In Food Technology, a beef wholesaler sought a declaration of coverage under its business interruption policy for losses arising from the embargo of Canadian beef due to reports of mad cow disease. The insured argued that the policy language “direct physical loss to property” was triggered “because the beef product was treated as though it were physically contaminated by mad cow disease and lost its function.” But despite the insured citing cases to “support its position that the impairment of function and value of a food product...is a direct physical loss,” the court held that coverage was not triggered because the property itself was not “physically contaminated or damaged in any way.”
With COVID-19 being so ubiquitous, along with its ability to stay on surfaces for an extended period of time, claimants are sure to assert that the disease is present wherever a substantial amount of people frequent. But Food Technology seems to indicate that policyholders will need to show that the insured property itself was contaminated, not merely that there was a risk of contamination.
As a current example of the claims being brought, the Chickasaw Nation and other Oklahoma tribes have filed suit seeking business interruption coverage for losses stemming from shutdowns of various casinos.2 In the suit filed in late March, the Chickasaw Nation sued various insurers in Oklahoma state court, seeking a declaratory judgment that the policies with the defendant insurers cover the Nation’s losses related to the COVID-19 pandemic.
The Nation states in its complaint that the policies provide “all risk” benefits for the Nation’s property, which includes business interruption coverage. Seemingly in an attempt to meet the physical loss threshold, the Nation states that “the United States of America became infected by COVID 19 resulting in a pandemic.” And “[a]s a result of this pandemic,” its property “sustained direct physical loss or damage....” It is unclear whether “the United States of America bec[oming] infected by COVID 19” will be enough to show that the Nation’s property itself was damaged, but other claimants are following suit by asserting similar generalities in their complaints as well.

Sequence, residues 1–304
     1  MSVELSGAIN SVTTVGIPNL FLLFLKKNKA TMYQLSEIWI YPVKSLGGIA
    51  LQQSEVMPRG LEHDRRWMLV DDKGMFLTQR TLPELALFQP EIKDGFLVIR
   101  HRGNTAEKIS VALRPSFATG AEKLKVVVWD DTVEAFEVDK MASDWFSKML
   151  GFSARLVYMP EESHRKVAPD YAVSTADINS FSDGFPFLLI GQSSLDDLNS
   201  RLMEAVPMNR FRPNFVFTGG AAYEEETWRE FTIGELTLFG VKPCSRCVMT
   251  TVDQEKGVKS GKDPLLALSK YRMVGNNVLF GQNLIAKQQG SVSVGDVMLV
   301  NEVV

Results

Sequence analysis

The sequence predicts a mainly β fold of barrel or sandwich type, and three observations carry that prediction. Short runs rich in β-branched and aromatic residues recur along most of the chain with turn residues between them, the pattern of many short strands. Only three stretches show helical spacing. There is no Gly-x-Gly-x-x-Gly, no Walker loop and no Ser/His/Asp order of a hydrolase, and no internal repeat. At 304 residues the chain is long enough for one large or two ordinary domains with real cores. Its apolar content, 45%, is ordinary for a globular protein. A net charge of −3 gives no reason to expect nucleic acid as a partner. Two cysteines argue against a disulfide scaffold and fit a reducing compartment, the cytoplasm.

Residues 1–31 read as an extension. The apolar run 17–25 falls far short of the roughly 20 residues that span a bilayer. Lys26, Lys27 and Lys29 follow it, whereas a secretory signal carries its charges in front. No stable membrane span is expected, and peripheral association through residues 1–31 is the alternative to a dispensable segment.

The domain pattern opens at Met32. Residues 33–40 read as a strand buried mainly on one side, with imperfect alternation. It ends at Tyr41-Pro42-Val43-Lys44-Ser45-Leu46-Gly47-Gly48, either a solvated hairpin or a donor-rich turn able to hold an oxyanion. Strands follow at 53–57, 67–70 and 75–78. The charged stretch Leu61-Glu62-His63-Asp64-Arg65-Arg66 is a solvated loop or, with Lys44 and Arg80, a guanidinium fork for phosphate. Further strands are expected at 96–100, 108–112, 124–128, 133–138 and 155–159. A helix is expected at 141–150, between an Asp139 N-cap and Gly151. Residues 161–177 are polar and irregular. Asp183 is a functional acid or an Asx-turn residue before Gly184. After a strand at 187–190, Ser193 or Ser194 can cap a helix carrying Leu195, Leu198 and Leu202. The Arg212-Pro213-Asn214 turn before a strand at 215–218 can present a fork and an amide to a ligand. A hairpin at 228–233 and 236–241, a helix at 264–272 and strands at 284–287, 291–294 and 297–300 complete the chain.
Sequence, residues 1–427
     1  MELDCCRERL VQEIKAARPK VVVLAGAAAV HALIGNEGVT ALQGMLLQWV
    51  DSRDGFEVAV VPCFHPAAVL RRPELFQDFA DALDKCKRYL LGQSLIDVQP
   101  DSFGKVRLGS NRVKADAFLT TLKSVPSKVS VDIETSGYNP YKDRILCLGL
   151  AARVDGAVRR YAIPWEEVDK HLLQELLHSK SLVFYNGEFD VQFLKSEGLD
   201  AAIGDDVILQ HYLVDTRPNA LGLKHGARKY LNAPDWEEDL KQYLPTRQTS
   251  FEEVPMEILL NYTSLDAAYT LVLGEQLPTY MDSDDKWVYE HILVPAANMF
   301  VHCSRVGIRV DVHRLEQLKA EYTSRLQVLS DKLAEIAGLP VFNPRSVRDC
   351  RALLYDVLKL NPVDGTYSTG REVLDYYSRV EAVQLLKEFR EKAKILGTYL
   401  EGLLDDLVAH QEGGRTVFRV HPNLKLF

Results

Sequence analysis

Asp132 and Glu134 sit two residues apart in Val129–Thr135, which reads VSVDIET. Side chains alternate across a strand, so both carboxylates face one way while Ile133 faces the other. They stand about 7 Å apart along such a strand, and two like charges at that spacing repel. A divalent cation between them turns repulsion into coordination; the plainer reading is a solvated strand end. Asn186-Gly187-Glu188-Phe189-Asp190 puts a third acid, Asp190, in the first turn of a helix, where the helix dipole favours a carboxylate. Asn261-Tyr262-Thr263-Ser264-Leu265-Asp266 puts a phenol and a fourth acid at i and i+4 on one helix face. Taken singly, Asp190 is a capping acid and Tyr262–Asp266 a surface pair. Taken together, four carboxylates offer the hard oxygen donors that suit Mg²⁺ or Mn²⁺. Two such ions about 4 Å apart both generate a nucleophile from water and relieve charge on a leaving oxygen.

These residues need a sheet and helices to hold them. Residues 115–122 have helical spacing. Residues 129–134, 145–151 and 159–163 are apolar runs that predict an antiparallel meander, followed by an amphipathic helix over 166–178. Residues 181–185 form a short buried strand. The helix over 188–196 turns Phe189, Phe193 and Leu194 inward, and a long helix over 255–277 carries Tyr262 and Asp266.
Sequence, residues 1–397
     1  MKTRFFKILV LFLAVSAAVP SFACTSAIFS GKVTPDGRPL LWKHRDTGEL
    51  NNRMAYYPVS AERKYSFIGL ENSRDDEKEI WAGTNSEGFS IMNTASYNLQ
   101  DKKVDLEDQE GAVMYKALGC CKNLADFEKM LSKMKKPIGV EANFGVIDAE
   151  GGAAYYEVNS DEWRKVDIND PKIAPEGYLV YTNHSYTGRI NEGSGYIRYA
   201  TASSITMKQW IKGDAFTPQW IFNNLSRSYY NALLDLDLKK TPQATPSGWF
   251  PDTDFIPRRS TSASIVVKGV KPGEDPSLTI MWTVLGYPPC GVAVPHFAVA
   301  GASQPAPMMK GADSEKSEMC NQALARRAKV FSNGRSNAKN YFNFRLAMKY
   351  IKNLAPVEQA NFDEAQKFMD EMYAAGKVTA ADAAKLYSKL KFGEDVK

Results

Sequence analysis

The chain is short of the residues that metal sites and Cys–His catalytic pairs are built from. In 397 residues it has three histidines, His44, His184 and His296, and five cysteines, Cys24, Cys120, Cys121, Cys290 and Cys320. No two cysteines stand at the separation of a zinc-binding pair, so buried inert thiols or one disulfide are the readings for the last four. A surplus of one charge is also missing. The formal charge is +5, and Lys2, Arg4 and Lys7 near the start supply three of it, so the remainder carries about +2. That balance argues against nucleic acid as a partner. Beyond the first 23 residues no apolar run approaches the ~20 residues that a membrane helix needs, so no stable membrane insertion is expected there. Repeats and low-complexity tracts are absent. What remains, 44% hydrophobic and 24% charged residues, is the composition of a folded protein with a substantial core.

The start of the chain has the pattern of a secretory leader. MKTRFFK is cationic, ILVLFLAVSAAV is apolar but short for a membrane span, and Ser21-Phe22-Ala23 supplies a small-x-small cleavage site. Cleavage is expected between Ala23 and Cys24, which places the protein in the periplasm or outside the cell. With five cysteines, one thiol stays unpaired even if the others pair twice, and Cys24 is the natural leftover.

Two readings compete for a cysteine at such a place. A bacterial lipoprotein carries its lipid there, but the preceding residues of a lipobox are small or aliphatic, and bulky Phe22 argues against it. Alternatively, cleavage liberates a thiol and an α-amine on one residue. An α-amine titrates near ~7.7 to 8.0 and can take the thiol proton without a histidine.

In a similar thread, a scuba shop in the Florida Keys has filed suit against its insurer for breach of its business interruption policy.3 Attorneys for Mace Marine, which owns the local scuba shop at issue, states that the policy’s physical damage requirement should be held to include that the circumstances arising from COVID-19 count as “physical damage or loss” under the policy. The policyholder’s attorneys further suggest that the insurer uses too strict of an interpretation of physical loss in denying coverage for the pandemic.
Civil authority coverage
Commercial property policies also tend to include coverage for forced closures by government officials. Much like business interruption coverage, civil authority coverage often requires a threshold determination that there be some sort of damage to adjacent property – though policy language differs. And like the discussion above relating to business interruption coverage, this will likely require a determination that there was physical loss that resulted from COVID-19. Though courts are split on this issue as well.